Military repatriation

What happens when someone in the military dies when they're in another country? This guide goes through the process of military repatriation - what it is, and what families can expect.

Repatriation is the process of bringing home the body of a Service Person who has died.

MOD policy on repatriation

The Ministry Of Defence (MOD) policy is to repatriate all Service People who have died to their country of origin. If they’re British nationals, this will be the UK. Repatriation to locations other than the UK may be considered, but this will be on a case-by-case basis. If they’re Foreign and Commonwealth (F&C), they’ll be repatriated to their country of origin, through the UK. This is to be done as soon as possible. 

This was not always the case. During earlier conflicts, many soldiers were buried internationally. These were generally in cemeteries under the Commonwealth Graves Commission.

The repatriation of a service person from a non-operational duty station will be a low profile process.

This process will go through an appropriate airport:

  • The body will be escorted by a MOD-contracted funeral director and Service Police. 
  • It’ll be cleared through customs. This will be authorised by the coroner who has jurisdiction over the airport.
  • Once back in the country of origin, the body is handed to the family’s funeral director and the coroner.
  • This handover takes place airside, so there isn’t any public access.

Any Inquests will be held once all the information has been collected by the coroner. 

There won’t be a military ceremony.

If a death occurs overseas when the military person wasn’t on duty, such as on holiday, then their travel insurance company will make repatriation arrangements. In these cases, the MOD will often provide support as the body arrives in the UK.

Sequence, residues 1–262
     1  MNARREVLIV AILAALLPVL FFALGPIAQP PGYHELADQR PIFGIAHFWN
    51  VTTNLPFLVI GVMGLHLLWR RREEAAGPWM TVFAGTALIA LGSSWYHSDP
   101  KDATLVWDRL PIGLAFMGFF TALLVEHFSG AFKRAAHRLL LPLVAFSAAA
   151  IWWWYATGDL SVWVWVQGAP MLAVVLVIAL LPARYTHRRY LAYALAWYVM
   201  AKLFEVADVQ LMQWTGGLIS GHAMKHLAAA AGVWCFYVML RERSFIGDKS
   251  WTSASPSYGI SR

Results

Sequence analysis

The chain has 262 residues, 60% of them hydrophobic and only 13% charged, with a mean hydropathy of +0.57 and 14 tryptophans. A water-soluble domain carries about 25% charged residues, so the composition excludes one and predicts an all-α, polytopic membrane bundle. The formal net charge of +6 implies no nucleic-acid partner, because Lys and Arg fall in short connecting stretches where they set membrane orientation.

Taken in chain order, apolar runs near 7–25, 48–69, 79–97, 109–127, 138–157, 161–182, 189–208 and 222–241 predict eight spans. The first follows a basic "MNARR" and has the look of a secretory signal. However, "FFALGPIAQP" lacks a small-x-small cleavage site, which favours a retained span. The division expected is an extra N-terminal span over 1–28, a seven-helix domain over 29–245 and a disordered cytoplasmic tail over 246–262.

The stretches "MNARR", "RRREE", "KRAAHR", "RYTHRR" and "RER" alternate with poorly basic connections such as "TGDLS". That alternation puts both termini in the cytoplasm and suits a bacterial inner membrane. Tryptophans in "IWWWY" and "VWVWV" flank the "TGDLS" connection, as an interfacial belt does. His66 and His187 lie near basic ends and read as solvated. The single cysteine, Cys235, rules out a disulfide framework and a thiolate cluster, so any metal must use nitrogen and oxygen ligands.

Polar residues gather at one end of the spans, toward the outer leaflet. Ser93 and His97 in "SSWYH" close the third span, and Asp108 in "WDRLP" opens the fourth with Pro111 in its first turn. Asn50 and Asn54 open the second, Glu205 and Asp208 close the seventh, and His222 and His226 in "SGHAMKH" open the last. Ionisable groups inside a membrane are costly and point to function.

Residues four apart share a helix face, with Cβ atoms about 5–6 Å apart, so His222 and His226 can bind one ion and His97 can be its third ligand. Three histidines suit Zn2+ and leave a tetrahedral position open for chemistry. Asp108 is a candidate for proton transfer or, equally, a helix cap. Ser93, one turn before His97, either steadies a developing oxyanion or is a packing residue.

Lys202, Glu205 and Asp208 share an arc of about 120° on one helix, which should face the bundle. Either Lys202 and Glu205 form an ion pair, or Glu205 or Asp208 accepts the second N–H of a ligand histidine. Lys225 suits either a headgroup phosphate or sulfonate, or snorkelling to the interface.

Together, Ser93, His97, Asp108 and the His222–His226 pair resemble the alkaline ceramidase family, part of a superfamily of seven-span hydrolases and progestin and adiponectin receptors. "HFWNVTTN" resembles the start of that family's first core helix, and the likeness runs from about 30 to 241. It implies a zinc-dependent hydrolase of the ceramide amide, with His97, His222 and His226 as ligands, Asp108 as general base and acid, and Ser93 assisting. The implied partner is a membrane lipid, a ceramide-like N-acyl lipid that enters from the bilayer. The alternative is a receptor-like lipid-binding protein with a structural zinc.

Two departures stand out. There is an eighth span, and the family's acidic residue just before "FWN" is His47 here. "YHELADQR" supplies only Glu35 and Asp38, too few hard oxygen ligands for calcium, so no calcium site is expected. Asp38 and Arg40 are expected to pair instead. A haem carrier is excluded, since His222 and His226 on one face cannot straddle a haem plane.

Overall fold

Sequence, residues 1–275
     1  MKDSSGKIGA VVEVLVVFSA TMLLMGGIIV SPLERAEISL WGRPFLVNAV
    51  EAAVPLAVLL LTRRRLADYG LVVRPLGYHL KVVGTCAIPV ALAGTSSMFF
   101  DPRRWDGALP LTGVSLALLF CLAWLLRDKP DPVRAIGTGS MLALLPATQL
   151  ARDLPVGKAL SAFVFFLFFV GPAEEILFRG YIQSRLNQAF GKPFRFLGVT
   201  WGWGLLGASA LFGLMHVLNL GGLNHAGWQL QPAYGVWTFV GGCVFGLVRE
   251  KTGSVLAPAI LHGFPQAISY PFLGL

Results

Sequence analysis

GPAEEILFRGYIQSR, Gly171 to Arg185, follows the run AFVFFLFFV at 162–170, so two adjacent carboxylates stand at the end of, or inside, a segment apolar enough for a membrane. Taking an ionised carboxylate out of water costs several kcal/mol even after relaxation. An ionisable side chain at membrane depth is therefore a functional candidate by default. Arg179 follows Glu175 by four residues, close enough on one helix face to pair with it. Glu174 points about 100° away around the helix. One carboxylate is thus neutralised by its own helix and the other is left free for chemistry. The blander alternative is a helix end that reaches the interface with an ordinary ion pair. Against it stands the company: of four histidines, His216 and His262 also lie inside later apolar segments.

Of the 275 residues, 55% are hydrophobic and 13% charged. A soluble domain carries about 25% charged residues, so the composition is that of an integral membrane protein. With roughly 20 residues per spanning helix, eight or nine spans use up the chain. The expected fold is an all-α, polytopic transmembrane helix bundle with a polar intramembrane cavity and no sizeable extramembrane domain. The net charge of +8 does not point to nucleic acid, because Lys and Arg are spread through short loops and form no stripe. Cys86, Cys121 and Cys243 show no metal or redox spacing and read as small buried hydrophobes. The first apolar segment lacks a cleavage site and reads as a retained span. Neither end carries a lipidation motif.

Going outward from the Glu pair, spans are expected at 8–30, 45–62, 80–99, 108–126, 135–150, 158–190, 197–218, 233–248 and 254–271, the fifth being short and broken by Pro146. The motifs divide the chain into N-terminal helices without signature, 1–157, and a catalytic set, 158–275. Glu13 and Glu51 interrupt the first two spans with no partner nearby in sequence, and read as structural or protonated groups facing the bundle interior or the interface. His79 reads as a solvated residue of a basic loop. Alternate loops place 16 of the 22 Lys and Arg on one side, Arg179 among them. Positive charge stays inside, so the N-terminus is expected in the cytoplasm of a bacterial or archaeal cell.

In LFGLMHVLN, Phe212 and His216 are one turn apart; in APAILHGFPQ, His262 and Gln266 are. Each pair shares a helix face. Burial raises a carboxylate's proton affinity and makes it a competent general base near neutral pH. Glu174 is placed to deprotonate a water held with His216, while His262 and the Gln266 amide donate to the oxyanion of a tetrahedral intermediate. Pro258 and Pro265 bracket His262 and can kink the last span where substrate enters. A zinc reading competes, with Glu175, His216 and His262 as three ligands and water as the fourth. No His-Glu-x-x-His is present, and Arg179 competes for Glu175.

Repatriation for an operational death will normally go through designated Service Airport. For example, RAF Brize Norton in Oxfordshire. The service person who has died will be accompanied by a military ceremony.

Normally, up to seven family members will be invited to the ceremony. The Visiting Officer (VO) appointed to the family will arrange and coordinate their attendance. The family will be able to spend time with the coffin in a private chapel. The body will then be taken to the John Radcliffe Hospital for post-mortem.

Prior to the plane arriving, the family will be briefed by the Coroner’s Officer – they will go through what to expect for the ceremony and any procedures.

The flight will be accompanied by a Service police officer. They’ll hand the necessary documentation to the Coroner’s Officer. At this point, the Service Person who has died will pass into the authority of HM Coroner.

Following the post-mortem, MOD undertakers will take the body to their location in London. They’ll prepare it, and make arrangements to take it to a funeral director. The MOD undertakers also send a mortician to take care of the body. This is so they can advise on whether the body is suitable for viewing.

For a natural death, there is no difference from any death in civilian life. However, for an operational death, there may be complicating factors.

For an operational repatriation, you won’t be able to view the body until the post-mortem. It’s generally advised to wait until the person who has died has been brought back to the family undertaker. 

The Next of Kin (NOK) and bereaved family has the right to view the body. However, it’s important that you are told about the state of the body, in case it might cause distress. You can talk to the coroner about this, the MOD Contractor who is accepted the body from the point of entry to UK,  or your family undertaker.

Where there’s been profound physical damage, such an explosion, a DNA test might need to be done. This is to make sure the identity is correct.This process may take several weeks. 

If there are no remains, the VO will be briefed by the JCCC to tell the family as soon as possible. You can talk to the Coroner’s Officer or the MOD undertaker for more information.

All deaths must be formally registered in order to get a Death Certificate. Deaths in the UK must be registered by the Registrar of the district where the happens. 

However, UK Registrars are not able to register deaths overseas, even for UK nationals. It’s still possible to get a UK death certificate for a military death overseas. However, this must be done by a legally authorised Registering Officer.

An interim Death Certificate will be issued by HM Coroner when the body is released for burial. The final death certificate will be provided after the Inquest.

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